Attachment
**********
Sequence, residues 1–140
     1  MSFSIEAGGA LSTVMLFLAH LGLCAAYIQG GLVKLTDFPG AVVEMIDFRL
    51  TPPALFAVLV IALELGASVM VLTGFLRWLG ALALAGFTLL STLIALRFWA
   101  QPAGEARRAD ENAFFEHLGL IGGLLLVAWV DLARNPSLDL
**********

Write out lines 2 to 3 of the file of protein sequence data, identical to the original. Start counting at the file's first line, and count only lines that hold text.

     1  MSFSIEAGGA LSTVMLFLAH LGLCAAYIQG GLVKLTDFPG AVVEMIDFRL
    51  TPPALFAVLV IALELGASVM VLTGFLRWLG ALALAGFTLL STLIALRFWA